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Sharia law is a system of law that is believed by Islamists to be based in the Koran and the sunnah (that is, the words and actions of Mohammad).  All Islamic countries have adopted at least some sharia law principles.  Published poll results of Muslims in various countries, even in non-Islamic nations, have shown that the majority of Muslims favor the imposition of sharia law to one degree or another.  However, it is not possible to state with certainty what this imposition would look like in practice.  Sharia deals with most aspects of life including civil, criminal, religious and domestic issues but we have found no list of sharia laws that is commonly accepted within Islam.  However, some examples of sharia principles being applied today are:​​Theft is punishable by amputation of the right hand.

  • Criticizing or denying any part of the Koran is punishable by death.
  • Criticizing or denying that Muhammad is a prophet is punishable by death.
  • Criticizing or denying Allah is punishable by death.
  • A Muslim who leaves Islam (apostasy) is punishable by death.
  • A non-Muslim who leads a Muslim away from Islam is punishable by death.
  • A non-Muslim man who marries a Muslim woman is punishable by death.
  • A man can marry an infant girl and consummate the marriage when she is 9 years old.
  • A woman can have 1 husband, but a man can have up to 4 wives; Muhammad could and did have more.
  • A man can unilaterally divorce his wife but a woman needs her husband's consent to divorce.
  • A man can beat his wife for insubordination.
  • Testimonies of four male witnesses are required to prove rape or other sexual crimes.
  • A woman who has been raped cannot testify in court against her rapist(s).
  • A woman's testimony in court, is allowed only in property cases and only carries half the weight of a man's.
  • A female heir inherits half of what a male heir inherits.
  • A woman cannot drive a car, as it leads to fitnah (upheaval).
  • A woman cannot speak alone to a man who is not her husband or relative.
  • Muslims should engage in Taqiyya and lie to non-Muslims to advance Islam.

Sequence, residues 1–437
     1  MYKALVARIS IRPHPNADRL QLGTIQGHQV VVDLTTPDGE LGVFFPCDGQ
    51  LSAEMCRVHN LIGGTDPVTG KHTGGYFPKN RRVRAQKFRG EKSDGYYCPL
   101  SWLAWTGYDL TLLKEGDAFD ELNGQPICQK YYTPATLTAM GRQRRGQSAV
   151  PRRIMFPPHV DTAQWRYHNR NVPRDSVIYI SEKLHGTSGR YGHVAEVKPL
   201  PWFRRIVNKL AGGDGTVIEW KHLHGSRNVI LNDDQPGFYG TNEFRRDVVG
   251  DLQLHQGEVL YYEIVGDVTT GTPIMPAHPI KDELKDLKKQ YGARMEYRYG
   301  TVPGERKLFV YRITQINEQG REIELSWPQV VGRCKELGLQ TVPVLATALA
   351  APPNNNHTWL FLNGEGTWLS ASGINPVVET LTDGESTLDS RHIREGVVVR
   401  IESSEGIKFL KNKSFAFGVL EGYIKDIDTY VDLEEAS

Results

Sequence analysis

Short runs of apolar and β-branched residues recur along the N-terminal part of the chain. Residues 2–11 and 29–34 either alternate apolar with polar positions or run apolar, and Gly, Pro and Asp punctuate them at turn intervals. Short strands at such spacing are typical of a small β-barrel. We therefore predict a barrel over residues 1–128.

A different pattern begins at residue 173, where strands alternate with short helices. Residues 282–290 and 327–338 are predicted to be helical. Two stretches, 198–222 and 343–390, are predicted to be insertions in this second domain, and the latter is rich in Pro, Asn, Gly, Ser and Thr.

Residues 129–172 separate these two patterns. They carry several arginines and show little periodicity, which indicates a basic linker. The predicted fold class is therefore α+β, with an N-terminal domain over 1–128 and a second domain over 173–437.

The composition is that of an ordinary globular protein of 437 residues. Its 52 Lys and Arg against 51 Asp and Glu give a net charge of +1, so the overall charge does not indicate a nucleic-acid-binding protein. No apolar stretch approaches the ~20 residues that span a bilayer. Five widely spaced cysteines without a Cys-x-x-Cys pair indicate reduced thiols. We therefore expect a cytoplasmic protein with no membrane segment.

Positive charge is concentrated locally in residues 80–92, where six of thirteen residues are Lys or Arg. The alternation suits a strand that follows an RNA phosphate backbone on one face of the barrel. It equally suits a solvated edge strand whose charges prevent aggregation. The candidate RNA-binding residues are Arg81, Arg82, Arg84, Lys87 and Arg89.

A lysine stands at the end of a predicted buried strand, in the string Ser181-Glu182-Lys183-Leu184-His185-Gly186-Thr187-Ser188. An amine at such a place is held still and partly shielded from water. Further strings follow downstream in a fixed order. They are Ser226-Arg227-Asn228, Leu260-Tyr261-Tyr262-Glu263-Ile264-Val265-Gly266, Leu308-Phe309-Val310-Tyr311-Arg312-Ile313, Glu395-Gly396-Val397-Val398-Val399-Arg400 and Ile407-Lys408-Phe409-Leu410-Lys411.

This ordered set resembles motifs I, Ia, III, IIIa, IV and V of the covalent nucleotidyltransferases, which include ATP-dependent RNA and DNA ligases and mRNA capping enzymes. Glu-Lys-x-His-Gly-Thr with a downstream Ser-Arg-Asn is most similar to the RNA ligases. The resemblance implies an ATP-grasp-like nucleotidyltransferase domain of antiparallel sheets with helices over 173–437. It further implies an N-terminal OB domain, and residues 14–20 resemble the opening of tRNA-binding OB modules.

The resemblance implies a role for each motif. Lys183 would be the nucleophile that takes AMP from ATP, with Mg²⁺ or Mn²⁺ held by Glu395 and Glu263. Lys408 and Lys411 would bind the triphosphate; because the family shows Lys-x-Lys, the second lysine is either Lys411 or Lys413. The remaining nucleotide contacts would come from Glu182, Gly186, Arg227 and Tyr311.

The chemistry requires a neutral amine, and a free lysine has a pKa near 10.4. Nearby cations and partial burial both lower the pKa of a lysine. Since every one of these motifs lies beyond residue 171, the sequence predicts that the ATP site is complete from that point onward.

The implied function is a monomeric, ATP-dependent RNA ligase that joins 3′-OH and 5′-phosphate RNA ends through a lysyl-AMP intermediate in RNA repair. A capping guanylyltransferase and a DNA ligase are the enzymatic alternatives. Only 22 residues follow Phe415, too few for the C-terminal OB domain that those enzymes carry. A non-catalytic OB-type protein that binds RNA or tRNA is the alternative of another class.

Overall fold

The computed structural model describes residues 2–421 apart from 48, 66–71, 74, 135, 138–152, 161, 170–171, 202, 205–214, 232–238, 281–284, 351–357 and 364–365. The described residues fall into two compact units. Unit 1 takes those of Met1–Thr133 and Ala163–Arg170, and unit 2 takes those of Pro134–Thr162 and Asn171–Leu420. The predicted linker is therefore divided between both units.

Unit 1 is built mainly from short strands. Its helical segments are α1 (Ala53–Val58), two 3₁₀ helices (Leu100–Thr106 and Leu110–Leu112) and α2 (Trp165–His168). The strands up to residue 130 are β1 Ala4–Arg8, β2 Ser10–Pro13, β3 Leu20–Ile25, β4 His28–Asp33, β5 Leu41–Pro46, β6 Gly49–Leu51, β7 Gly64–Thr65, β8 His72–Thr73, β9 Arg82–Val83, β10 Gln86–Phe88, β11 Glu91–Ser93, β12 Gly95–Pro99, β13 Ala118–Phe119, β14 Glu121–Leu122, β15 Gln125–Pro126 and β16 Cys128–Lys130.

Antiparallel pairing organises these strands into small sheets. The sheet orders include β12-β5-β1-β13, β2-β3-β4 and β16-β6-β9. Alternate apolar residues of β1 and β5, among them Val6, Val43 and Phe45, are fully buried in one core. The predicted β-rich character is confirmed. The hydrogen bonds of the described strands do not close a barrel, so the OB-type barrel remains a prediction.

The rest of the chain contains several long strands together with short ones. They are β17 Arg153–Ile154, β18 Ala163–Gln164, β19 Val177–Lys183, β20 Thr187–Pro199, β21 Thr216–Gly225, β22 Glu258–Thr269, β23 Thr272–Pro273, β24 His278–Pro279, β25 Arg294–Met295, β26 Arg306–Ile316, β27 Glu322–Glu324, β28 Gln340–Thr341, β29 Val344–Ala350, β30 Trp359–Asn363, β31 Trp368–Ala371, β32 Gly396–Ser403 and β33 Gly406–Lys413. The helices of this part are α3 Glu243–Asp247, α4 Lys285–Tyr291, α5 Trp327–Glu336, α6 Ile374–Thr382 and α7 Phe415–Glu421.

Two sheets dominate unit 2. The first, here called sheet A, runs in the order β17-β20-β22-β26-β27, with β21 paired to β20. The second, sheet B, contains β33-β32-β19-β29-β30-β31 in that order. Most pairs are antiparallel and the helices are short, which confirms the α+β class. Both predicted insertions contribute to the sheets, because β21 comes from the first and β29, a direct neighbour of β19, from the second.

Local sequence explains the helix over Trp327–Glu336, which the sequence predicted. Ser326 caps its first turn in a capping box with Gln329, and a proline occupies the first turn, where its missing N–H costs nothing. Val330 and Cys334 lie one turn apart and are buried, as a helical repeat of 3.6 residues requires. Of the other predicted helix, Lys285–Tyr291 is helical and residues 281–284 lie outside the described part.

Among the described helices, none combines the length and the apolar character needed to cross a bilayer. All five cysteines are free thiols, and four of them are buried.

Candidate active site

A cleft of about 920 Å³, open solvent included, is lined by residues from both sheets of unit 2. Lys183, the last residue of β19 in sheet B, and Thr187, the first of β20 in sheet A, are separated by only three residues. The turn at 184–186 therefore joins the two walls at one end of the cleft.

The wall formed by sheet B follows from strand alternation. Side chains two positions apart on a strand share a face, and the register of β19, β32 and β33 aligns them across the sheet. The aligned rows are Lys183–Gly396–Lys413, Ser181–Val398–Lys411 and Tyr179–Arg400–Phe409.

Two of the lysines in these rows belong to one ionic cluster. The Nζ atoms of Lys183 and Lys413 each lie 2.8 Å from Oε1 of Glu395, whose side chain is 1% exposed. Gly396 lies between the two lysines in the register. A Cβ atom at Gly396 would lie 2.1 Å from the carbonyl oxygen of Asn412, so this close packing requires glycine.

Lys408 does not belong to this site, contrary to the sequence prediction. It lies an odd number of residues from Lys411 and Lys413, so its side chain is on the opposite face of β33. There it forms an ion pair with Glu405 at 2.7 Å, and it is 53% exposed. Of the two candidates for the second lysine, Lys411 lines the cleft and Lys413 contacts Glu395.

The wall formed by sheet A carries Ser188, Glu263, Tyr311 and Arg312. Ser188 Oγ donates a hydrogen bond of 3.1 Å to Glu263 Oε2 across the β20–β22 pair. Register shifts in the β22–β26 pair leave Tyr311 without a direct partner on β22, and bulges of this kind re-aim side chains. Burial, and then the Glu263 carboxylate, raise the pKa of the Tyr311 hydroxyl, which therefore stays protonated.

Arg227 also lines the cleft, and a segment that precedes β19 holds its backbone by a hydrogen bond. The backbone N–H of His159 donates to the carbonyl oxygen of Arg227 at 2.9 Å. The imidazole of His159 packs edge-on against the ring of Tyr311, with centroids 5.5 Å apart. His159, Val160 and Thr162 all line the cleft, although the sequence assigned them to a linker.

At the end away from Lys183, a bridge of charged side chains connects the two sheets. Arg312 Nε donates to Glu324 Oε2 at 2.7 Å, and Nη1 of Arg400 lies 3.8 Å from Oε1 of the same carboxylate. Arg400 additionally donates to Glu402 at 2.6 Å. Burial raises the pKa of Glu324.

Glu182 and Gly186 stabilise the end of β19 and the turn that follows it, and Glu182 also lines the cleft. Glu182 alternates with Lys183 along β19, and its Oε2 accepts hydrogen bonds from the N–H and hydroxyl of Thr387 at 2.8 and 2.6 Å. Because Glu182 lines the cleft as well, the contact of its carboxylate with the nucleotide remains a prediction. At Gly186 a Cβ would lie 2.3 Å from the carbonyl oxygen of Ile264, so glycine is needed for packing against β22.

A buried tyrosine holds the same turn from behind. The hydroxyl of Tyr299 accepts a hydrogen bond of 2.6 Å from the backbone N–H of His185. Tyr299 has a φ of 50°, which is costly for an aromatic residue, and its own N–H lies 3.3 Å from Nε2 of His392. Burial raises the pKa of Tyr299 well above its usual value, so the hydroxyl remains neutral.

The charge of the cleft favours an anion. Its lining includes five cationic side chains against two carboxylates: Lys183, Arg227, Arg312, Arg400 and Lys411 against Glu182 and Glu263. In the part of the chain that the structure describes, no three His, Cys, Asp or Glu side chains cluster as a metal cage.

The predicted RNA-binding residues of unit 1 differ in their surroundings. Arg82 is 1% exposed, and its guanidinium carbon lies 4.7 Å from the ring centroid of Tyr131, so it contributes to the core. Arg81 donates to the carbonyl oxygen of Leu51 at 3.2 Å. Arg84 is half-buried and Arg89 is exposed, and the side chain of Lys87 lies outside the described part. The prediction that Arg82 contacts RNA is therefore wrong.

As mentioned, we could not find any single volume or list of Sharia laws, nor is there any single entity or body that is given the authority or responsibility to define sharia law.  While there is common consensus on some of the major issues, there is a huge variety of opinions on many others.   The various sects of Islam have differing views of exactly what sharia law demands.   It appears essentially impossible for a government to take a volume of Sharia law off a shelf and implement it.    As is true with all law-making, sharia-based laws need to be enacted one-at-a-time.   

Non-Muslims should not view Sharia law as comparable to the criminal or civil legal codes of their own countries.  There is a significant difference between sharia law and most other legal systems.  Sharia seems to intrude much further into the daily life of Muslims than any other legal system.   Sharia defines rituals and religious observance.  It deals with personal and familial relationships.  It defines limits to sexual behaviour.  It sets dietary and dress codes.   Not only does Sharia law call for inordinate intrusion into the personal lives of Muslims but it also encourages government to require non-Muslims to adhere to these intrusive Sharia laws.  Obviously, this is where the issue of Sharia comes into conflict with the interests of non-Muslims.

Increasingly, governments in non-Islamic countries are allowing and sometimes even encouraging the creation of Sharia courts.  These courts are permitted to reach decisions with little regard to the laws of the host countries.  Obviously, it becomes difficult to ensure that the civil rights of Muslim citizens of those host countries are respected in the Sharia court decisions.  Numerous conflicts have been reported in the media..

- Sharia Law